The filler surface layer plays an important role in surface tension and thus in wettability. It has been postulated that the inner RH surface contains lipid and proteinaceous compounds bound to the protein molecule by ester or thioester bonds . The amount of lipid on the filler surface has an influence on hydrophobicity and surface tension.
Figure 3 shows particle size distribution and aspect ratio of the rice husk and saw dust fillers. About 80% of RH and SD fillers were in the range of 180–500 μm. The aspect ratio of both saw dust and rice husk fillers is quite small. The fibrous saw dust has a higher aspect ratio in the range of 4–5 compared to rice husk filler formed of rectangular platelets with an aspect ratio of 2–3. Note that for better comparison, length-to-width ratio is used for both filler types. The commonly used aspect ratio for platelets—diameter to thickness—scales with the particle size as the thickness is around 50 μm for all platelets.
A simple model is used to estimate the surface area of the particles, cf. Figure 3b inset: RH platelets may be modeled as rectangular blocks of 50 μm thickness and SD as spherical rods. The surface-to-volume ratio of a thin platelet is dominated by thickness (or, 2/side length a + 2/side length b + 2/thickness), whereas that of a long circular rod is roughly proportional to the inverse of the diameter (4/diameter + d/rod length). A rough estimate of the surface area per volume (with a size distribution and aspect ratio as shown in Figure 3 and considering the densities of 1.3 g/cm3 for SD and 1.5 g/cm3 for RH) shows that in a given weight, RH contains a factor of two higher number of particles, but the filler surface area vs. particle size distribution is only slightly shifted to smaller particle sizes in SD. The total filler surface area of the two filler types is equal according to this simple model.
3.2. Mechanical properties of the composites
The good specific mechanical properties are the prime reason for the application of filled polymer composites. The mechanical properties of the filler/polymer composites depend strongly on filler loading, interfacial adhesion, the degree of dispersion, and the filler particle size [10, 11]. Figures 4, 5, and 6a show the effects of filler content on the mechanical properties of bio-filler/polyolefine composites. The stated filler content is the wt.%, with a density of 1.3 g/cm3 for SD and 1.5 g/cm3 for RH, and the volume contents are approximately 4% lower for SD and 7% lower for RH.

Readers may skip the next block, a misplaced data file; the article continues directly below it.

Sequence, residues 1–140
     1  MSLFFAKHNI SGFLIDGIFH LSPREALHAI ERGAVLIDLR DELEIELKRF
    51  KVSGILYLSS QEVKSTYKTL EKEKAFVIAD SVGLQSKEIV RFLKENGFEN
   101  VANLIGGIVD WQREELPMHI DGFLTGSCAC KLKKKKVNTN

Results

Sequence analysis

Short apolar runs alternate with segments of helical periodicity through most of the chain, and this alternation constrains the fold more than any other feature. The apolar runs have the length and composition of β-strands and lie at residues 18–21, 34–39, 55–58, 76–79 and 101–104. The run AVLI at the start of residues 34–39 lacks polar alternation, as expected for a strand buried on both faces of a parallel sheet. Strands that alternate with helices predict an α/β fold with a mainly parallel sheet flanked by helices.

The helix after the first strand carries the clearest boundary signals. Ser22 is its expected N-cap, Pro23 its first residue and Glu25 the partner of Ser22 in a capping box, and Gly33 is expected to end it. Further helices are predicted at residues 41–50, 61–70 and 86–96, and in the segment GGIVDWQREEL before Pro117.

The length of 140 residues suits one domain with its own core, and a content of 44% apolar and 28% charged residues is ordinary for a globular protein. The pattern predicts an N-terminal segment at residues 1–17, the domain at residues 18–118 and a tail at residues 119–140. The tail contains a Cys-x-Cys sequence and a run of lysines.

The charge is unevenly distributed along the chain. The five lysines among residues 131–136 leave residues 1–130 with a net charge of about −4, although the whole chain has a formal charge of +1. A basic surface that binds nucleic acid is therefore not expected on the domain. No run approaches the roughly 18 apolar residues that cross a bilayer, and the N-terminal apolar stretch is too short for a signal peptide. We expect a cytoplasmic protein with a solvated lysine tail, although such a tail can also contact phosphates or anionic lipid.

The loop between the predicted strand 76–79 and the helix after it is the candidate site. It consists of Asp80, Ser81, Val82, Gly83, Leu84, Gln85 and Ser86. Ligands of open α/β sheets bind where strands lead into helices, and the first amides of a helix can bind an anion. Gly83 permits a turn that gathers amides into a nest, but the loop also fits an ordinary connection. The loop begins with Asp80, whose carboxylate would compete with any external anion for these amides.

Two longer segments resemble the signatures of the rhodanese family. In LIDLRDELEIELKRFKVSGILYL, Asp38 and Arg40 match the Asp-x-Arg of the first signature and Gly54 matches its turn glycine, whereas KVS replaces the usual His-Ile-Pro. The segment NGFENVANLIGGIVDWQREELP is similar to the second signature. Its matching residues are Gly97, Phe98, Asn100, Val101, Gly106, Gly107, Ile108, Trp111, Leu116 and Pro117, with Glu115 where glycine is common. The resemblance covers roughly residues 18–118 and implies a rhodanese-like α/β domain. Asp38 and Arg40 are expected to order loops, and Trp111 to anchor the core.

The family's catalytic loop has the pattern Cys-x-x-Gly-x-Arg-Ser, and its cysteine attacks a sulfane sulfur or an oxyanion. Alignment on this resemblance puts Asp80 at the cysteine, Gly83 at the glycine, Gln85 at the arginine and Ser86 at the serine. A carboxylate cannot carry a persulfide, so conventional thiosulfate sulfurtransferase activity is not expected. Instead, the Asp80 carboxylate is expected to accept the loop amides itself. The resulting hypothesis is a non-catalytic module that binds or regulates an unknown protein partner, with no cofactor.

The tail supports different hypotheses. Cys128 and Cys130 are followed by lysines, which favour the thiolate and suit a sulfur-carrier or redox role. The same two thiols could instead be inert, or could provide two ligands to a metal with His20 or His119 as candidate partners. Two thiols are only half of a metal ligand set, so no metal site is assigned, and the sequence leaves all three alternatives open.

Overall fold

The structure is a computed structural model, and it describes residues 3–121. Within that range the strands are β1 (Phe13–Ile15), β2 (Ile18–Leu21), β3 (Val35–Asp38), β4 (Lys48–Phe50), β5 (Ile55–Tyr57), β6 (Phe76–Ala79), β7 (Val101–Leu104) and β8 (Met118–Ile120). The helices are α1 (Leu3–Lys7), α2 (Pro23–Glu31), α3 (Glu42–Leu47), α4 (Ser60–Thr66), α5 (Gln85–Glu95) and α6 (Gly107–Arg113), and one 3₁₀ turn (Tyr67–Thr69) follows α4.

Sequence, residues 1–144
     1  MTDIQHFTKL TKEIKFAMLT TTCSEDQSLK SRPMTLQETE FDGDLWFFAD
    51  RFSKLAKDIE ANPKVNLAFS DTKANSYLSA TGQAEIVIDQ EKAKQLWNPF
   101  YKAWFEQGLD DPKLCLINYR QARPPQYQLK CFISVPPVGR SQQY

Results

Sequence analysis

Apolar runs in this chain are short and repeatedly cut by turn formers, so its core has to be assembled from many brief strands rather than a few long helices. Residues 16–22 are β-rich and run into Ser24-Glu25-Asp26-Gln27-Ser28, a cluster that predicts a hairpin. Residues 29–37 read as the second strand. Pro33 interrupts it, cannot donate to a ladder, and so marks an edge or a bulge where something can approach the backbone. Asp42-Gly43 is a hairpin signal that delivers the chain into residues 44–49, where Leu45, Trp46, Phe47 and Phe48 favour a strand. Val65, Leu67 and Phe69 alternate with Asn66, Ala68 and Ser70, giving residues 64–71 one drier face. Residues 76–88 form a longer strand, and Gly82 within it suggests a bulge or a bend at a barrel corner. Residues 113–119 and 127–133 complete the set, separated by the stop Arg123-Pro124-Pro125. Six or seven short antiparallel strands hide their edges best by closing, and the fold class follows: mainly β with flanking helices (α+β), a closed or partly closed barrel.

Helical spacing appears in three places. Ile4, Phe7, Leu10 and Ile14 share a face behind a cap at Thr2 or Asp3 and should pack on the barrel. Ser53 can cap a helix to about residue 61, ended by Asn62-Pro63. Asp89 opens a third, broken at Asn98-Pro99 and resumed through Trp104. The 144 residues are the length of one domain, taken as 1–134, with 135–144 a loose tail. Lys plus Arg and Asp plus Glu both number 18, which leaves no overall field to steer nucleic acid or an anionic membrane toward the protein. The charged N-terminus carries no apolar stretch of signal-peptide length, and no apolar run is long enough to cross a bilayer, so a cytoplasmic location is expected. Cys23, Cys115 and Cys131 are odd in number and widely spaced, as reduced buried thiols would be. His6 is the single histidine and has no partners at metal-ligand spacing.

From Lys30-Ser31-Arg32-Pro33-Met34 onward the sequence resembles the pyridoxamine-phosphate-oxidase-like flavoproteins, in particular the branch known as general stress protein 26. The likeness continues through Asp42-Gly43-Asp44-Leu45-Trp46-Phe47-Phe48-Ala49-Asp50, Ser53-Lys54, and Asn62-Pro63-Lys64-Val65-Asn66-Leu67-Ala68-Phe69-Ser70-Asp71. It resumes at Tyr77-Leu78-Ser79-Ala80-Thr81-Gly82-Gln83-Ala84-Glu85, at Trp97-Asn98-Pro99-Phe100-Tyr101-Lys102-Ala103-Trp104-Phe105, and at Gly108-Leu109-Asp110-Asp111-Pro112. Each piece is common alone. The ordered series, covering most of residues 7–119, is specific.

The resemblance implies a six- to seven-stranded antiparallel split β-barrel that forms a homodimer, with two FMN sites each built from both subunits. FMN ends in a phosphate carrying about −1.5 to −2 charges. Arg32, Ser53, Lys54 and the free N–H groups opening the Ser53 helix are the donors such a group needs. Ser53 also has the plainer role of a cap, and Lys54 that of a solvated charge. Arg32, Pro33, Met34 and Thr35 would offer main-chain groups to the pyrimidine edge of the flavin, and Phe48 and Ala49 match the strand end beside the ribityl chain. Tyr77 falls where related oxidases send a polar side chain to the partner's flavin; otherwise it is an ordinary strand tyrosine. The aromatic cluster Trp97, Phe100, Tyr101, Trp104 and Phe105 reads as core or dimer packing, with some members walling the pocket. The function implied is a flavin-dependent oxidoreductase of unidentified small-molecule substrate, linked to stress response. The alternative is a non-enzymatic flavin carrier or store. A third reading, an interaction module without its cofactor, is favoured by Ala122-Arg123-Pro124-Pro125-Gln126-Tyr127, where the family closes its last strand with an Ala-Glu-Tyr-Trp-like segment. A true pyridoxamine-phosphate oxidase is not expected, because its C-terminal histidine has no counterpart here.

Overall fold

The addition of stiff fillers to the polyolefine matrices improves the stiffness of the composite, and the bending modulus increases linearly with filler content (Figure 4). The modulus reflects the capability of fiber and polymer matrix to transfer the elastic deformation in the case of small strains without interface fracture. The modulus of filled PP is 25% higher than that of both filled PEs. It is noted that at high content of saw dust (above 50 wt.%), the viscosity of melt compound is very high, leading to voids and reducing the modulus.
The bending strengths (Figure 5a) are mainly influenced by the matrix type: PP/RH has 40% increased bending strength compared to the PE composites. Considering the volume filler content, the data for the bending strength of PE/RH and PE/SD coincide.
The saw dust/polyethylene composites show 20% higher tensile strengths compared to the rice husk/polyethylene composites (Figure 5b). This is probably caused by the higher cellulose content, better adhesion, and the higher aspect ratio of saw dust compared to the rice husk filler . The tensile strength of the PP/RH composite is 20% higher than that of the PE/RH.